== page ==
Selection Season Day 9: Announcements, more finals and Swedish second chances
Guess what? I’m not going to make this a post with a long, boring intro. It’s Saturday (again) and this is what’s happened and/or happening – and that’s all you need to know.
Israel and the UK presenting and representing
Israel officially premiered their song Time by Izabo on the first of the month, and as it turns out it is the song that has been on Youtube for the past week or so under the dubious title of ‘The possible actual but still unofficial entry’. Damn that dastardly internet for spoiling Israel’s plans! Although as a result of that evil entity we have had the chance to get to know the song better by this point. Who in this day and age doesn’t like getting something earlier than expected?
I suppose it’s Time for me to tell you how I feel about the entry. Well, I can certainly say that it more closely resembles something you’d find on alternative radio than at Eurovision, but why should there be a genre that isn’t ‘Eurovision’ in sound anyway? The song’s quirkiness may be its saving grace. It’s not like any of the 2012 songs so far and is unlikely to be like any yet to come. I’d describe it as a happy little ditty (if I was about seventy years older than I actually am), something left-of-field fromIsrael. I think it has the potential to be a (good) surprise on the live stage.
Speaking of things old and surprising, the UK finally broke the silence on who their act is, only to leave gazillions of fans speechless. As I’m sure you already know, a certain Mr. Engelbert “The Hump” Humperdinck – who on one hand is tremendously popular but on the other is tremendously aged by ESC standards – will be shuffling onto the stage May 26th on behalf of the UK, and there he will most likely a) rake in the votes and make the top five or b) fail miserably, which would be more consistent with the United Kingdom’s recent results. He will be 76 years old by then, which means that not only can we make lots of hilarious jokes about his name (“Hump”…hehehehehe) but we can also make references to his being up way past his bedtime when it comes to the show.
In all seriousness, I do respect the man’s skill and credentials, and with some experienced songwriters at the helm of his entry, who knows; maybe he’ll be the live surprise. Part of me is still wondering what on Earth the BBC were thinking, but the other part can’t help but root for the underdog – or the old, arthritic dog in this instance (I’m sorry, I can’t help it!). Perhaps we should reserve our judgments for his song, as this is a song contest. For some reason I’m always forgetting that…
It’s the final countdown for Estonia, Lithuania and Spain
Well, that’s what Wikipedia is telling me, anyway. Both Estonia and Lithuania qualified last year, but after the less-than-impressive positions they ended on, both could stand to improve by picking something stand-out. As for Spain, we’ve known since December that it’s the firmly established Pastora Soler who’ll be carrying their flag. All that’s left is for her song to be chosen from a field of three. They too didn’t live up to expectation in Düsseldorf, so will bringing out the big guns (or just the one gun) change their fortune? Maybe, so long as they keep the actual guns at home, unless we are talking about the ‘guns’ of some shirtless dancers in which case I’m all for the use of weaponry.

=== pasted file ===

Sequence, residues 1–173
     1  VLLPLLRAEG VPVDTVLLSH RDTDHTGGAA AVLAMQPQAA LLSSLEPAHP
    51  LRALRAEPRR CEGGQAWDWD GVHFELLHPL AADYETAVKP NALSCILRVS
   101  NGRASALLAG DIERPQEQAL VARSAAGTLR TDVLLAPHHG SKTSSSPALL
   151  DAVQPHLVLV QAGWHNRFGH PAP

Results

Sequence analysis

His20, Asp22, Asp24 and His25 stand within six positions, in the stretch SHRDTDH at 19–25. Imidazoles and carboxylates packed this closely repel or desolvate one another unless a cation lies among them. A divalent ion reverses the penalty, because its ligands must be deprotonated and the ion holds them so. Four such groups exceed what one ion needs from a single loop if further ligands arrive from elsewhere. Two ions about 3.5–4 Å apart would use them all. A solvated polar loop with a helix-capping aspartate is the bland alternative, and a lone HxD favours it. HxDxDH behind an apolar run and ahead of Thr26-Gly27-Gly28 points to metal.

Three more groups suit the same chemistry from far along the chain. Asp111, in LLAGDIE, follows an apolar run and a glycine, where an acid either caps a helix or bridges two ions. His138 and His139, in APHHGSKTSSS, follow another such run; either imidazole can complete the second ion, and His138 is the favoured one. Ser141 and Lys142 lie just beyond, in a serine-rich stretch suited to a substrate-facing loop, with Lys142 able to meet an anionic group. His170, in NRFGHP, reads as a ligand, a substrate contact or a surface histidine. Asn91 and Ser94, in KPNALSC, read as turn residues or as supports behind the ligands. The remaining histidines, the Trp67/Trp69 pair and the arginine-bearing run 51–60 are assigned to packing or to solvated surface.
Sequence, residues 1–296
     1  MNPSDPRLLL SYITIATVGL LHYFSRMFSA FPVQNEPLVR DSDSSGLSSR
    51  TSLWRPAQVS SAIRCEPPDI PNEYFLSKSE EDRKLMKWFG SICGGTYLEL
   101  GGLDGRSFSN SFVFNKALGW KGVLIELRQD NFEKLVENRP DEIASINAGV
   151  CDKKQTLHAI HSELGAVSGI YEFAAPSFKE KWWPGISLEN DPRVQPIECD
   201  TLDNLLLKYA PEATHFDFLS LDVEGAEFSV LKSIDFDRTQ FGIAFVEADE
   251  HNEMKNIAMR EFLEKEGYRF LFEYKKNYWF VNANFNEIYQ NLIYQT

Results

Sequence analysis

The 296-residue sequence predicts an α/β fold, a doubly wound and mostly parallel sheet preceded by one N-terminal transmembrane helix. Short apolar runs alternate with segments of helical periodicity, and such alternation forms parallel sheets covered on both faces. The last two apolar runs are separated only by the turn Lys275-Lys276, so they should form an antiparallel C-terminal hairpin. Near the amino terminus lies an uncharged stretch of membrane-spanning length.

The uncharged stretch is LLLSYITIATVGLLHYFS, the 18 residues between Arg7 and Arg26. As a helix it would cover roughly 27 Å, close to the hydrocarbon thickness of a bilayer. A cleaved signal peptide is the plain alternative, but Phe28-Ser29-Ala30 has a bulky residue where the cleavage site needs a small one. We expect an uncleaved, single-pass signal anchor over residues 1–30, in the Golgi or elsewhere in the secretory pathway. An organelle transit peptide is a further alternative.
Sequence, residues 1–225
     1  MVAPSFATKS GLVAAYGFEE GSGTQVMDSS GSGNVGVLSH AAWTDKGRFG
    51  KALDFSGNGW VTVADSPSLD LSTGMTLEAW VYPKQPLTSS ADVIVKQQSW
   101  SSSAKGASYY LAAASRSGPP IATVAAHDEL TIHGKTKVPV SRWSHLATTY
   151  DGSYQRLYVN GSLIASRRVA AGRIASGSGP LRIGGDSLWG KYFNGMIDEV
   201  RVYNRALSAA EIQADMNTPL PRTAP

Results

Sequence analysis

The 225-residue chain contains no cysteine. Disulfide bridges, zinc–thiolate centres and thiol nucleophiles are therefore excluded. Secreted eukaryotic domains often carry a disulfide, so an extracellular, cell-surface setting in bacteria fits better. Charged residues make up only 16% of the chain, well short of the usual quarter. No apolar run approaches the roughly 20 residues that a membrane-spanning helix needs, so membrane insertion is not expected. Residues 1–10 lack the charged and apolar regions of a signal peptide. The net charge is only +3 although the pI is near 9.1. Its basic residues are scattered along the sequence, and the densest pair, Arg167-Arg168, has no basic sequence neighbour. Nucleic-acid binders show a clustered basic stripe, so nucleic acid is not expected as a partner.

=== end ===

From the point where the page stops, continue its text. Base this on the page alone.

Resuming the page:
I should really stop with the gun thing.
Second chance time in Sweden
Andra Chansen is the final obstacle (albeit one I don’t mind getting over) before the fabulous Melodifestivalen final, and the last chance for a lucky twosome to nab a place there. There’s about a 0% chance that one of the AC winners will win the whole of MF, but you never know how well they’re going to do – last year The Moniker made it out of Andra to come third in the final, beaten only by two good-looking guys in leather jackets.
Anyway, here are the four pairings that will turn into two, from which will emerge the final two songs in the March 10th decider:
Duel #1: Dynazty VS Top Cats
Duel #2: Andreas Johnson VS Timoteij
Duel #3: Thorsten Flinck & Revolutionsorkestern VS Lotta Engberg & Christer Sjögren
Duel #4: Sean Banan VS Youngblood
There are some tricky-to-pick partnerships there, but I’ve made my predictions. Check them out with the aid of this nifty and highly complicated table (FYI, green means go).
I don’t really mind who makes it through so long as one of them is Timoteij. Although if I’m honest I would like the other one to be Sean Banan (cue everyone throwing banana skins at me for my poor taste).
That’s about all I’ve got to say for the moment. This NF season sure is making me tired, although I guess that could also be due to the countless hours I spent dancing with joy yesterday on finding out that Dima Bilan will be trying again to represent Russia next week (but more on that another time – like when he wins, for instance!). See you on the other side of Saturday…
Posted on March 3, 2012, in Eurovision 2012 and tagged Andra Chansen, Engelbert Humperdinck, Israel, Izabo, Melodifestivalen, national finals, Pastora Soler, Sean Banan, Sweden, Timoteij, United Kingdon. Bookmark the permalink. 6 Comments.